Suzanne Stumpf: Thank you for your kind words. I began to create interactive sculptural pieces about 7-8 years ago, after I had been working in clay for about about three years or so. From the outset, drawing the audience in to touch and explore has always been a goal. But also, I have intended for each work to have its own strong essence that invites contemplation/reflection.
Modularity and interactivity are two main characteristics of your work. How much time does it take to complete a new work? Do you make many sketches?
My interactive sculptures generally take many weeks. The germination of an idea and realization of each work can also be a lengthy process, particularly when there are complicated construction or even “engineering” issues involved. I can sometimes spend a couple of months in the “head-scratching” stage and work on other projects while I sort out the steps and best approaches. I do keep a notebook with sketches and notes, but I do not personally find it easy to translate some of these projects onto the page. With a fairly good aptitude for spatial relations, I hold much of the planning in my head initially. Because I build primarily in porcelain, extremely slow drying is key — I cannot emphasize this enough. And, of course, this also adds to an already long creation process.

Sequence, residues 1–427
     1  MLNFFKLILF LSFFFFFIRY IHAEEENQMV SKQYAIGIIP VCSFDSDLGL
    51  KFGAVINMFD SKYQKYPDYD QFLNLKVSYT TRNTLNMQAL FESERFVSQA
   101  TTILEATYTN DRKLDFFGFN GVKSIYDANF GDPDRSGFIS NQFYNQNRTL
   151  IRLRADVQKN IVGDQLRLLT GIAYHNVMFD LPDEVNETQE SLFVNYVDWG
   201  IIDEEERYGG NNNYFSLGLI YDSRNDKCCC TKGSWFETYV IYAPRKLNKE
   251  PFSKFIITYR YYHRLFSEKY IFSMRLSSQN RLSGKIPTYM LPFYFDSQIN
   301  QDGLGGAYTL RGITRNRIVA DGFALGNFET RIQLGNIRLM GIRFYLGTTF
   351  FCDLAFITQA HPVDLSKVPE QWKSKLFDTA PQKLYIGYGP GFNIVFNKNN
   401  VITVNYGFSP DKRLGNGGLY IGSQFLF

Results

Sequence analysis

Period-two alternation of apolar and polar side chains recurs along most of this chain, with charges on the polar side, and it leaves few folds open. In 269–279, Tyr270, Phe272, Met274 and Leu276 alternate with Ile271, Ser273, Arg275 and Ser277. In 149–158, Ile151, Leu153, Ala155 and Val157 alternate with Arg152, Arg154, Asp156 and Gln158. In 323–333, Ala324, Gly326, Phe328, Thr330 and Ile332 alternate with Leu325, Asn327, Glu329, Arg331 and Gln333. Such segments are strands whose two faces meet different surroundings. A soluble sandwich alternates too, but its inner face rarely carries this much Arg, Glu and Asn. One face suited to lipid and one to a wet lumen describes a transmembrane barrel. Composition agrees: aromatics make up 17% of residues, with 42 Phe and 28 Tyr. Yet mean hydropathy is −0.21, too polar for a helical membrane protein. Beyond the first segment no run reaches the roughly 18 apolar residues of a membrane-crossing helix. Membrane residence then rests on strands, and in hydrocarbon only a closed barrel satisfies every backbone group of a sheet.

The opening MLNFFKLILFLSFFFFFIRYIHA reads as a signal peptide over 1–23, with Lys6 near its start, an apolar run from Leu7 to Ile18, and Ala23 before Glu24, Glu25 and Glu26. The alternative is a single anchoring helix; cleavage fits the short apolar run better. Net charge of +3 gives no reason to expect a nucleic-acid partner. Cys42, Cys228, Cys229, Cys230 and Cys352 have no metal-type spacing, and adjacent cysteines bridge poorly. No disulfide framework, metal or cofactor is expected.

Spike, 2008, 5.5”h x 8”w x 3” d, wheelthrown and altered porcelain with handbuilt components; black slip and shellac resist; oxidation fired to cone 10 - View her works
Some of your works consist in multi-component pieces that, put together, metamorphose each time in different compositions. Do your Interactive Sculptures illustrate the ludic dimension of art? How important is this element for you?
My answer depends on the tenor of the word “ludic”. Although the mere invitation to rearrange components may seem a playful act and some of my sculptures may even possess qualities of games, the interaction by the audience has never seemed aimless to me. To the contrary, I witness people being extremely thoughtful about what they are creating as they rearrange components. The idea with these works is that there are nearly innumerable permutations that the viewer can create, all of which will reveal different aspects of the sculpture’s essence for contemplation.